The Cuture Lab’s collective exhibit “Response II” engaged audiences in Ithaca, New York during the last week of September, 2011. The show’s concept of relational aesthetics resonated strongly with both the graduate and undergraduate communities in Cornell University’s Olive Tjaden Gallery. The space provided an intimate setting for the works to interact, while simultaneously sharing a strong connection to the sentence: “I am writing this (self-reflective) sentence but it is writing you” which was centralized across the gallery floor.
Several pieces greatly increased the interactive potential of the exhibit, including Ryder Richards “am” and Piotr Chizinski’s “writing”. Richards’ piece featured a scanning device which read specific Radio Frequency IDs attached to each artist’s piece. Upon return of the scanner to its dock, “am” revealed varying video imagery. Chizinski’s “writing” featured a video game which enabled the audience to learn the use of the Dvorak keyboard format, as opposed to the widely accepted QWERTY we use today. The Dvorak format allows the keyboard user to rely on less finger motion, which increases speed and efficiency while typing. Studies have also shown that the format increases the longevity of one’s dexterity by reducing risks of carpal tunnel and repetitive strain injuries. With Chizinski’s “writing” inviting direct involvement from the audience and Richards’ “am” providing a different aspect to each individual work, both pieces created new outlets of participation, beckoning the audience to discover additional layers of the Culture Lab’s relational philosophy.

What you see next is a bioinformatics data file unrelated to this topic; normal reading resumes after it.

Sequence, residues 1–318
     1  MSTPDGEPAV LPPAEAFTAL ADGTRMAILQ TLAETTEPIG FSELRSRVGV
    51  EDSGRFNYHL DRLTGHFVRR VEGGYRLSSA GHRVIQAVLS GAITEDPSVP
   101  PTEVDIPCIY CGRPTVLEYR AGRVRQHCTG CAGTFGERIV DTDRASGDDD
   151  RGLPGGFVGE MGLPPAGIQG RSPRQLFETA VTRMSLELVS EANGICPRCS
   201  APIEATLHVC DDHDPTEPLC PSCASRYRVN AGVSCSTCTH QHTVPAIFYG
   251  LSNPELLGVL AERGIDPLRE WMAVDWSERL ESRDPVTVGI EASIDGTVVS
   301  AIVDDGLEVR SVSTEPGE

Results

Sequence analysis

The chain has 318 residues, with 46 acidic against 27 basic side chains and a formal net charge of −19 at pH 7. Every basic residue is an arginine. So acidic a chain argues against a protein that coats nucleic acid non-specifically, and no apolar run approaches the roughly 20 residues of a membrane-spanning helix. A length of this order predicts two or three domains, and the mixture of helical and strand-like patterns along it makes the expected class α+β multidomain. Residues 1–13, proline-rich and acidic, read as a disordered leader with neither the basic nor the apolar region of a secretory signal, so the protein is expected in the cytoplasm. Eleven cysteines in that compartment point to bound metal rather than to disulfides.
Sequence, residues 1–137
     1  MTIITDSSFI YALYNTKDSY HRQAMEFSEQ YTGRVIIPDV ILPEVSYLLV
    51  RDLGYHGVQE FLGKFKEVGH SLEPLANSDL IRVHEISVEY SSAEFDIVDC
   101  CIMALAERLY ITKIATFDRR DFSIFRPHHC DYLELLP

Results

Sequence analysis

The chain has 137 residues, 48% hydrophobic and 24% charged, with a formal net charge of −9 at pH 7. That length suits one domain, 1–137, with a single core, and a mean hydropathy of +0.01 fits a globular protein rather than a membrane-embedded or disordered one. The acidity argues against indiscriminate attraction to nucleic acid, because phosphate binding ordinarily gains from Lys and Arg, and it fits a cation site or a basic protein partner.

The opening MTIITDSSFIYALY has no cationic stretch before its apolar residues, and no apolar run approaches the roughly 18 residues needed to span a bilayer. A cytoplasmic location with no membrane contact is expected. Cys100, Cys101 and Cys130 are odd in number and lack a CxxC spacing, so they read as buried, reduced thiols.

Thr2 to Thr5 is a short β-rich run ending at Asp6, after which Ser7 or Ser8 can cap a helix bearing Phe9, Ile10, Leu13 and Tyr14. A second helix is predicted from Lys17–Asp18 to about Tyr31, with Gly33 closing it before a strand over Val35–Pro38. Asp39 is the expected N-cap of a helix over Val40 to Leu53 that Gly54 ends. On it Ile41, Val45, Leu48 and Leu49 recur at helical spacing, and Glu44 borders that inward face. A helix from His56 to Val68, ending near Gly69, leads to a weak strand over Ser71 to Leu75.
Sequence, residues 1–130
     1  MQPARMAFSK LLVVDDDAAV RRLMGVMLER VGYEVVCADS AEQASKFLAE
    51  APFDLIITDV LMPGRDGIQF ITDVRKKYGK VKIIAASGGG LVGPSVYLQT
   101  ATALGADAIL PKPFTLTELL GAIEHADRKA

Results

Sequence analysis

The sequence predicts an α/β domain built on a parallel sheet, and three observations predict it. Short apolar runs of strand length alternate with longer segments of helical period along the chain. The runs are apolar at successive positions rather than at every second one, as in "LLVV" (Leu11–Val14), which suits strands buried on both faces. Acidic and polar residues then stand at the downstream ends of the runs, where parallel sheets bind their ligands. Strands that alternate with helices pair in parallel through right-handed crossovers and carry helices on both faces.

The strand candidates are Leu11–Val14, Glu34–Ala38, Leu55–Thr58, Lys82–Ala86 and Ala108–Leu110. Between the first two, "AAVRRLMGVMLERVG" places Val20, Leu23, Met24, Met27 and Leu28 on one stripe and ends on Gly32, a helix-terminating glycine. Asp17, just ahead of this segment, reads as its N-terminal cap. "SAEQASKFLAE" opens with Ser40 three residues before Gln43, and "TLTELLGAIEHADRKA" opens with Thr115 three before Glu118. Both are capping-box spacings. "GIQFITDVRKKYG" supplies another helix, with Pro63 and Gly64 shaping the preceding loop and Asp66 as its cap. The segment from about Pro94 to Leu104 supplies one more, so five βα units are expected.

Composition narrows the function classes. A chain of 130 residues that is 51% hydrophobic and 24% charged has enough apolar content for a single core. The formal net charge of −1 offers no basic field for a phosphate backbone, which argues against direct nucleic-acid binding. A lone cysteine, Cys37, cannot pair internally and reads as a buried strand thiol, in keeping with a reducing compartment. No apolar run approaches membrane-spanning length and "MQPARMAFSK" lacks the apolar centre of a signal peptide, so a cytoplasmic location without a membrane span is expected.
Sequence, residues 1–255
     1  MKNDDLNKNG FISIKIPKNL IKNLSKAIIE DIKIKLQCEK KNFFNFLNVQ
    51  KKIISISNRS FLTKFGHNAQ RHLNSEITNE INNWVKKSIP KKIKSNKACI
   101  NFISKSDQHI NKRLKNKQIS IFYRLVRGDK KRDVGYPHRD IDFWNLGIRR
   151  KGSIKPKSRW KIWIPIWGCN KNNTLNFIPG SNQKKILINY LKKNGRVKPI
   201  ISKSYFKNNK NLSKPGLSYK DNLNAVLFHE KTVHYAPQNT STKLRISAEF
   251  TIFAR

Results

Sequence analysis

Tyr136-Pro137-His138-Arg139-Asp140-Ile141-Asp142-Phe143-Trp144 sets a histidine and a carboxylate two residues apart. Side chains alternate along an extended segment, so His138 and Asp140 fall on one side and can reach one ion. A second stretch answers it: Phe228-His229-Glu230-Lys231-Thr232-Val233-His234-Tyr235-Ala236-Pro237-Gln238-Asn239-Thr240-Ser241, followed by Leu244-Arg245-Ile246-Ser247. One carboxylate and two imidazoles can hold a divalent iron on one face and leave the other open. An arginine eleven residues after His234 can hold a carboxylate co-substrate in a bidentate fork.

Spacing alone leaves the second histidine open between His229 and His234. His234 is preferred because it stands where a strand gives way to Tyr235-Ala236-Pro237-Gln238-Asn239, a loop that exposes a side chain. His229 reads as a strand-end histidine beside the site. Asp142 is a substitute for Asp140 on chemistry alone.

The exhibition was finalized with a lecture by Ian F. Thomas. The speech was well received by the Cornell community as Thomas focused on the great potential that collectives create for artists, especially those individuals who are absent from the easily obtained communication within the academic system. Thomas urged current students to begin considering their future options for artistic communication in the safety of the present. He also added that the Culture Lab has just begun to scratch the surface of its full potential, and we can all expect more great things from the collective’s efforts.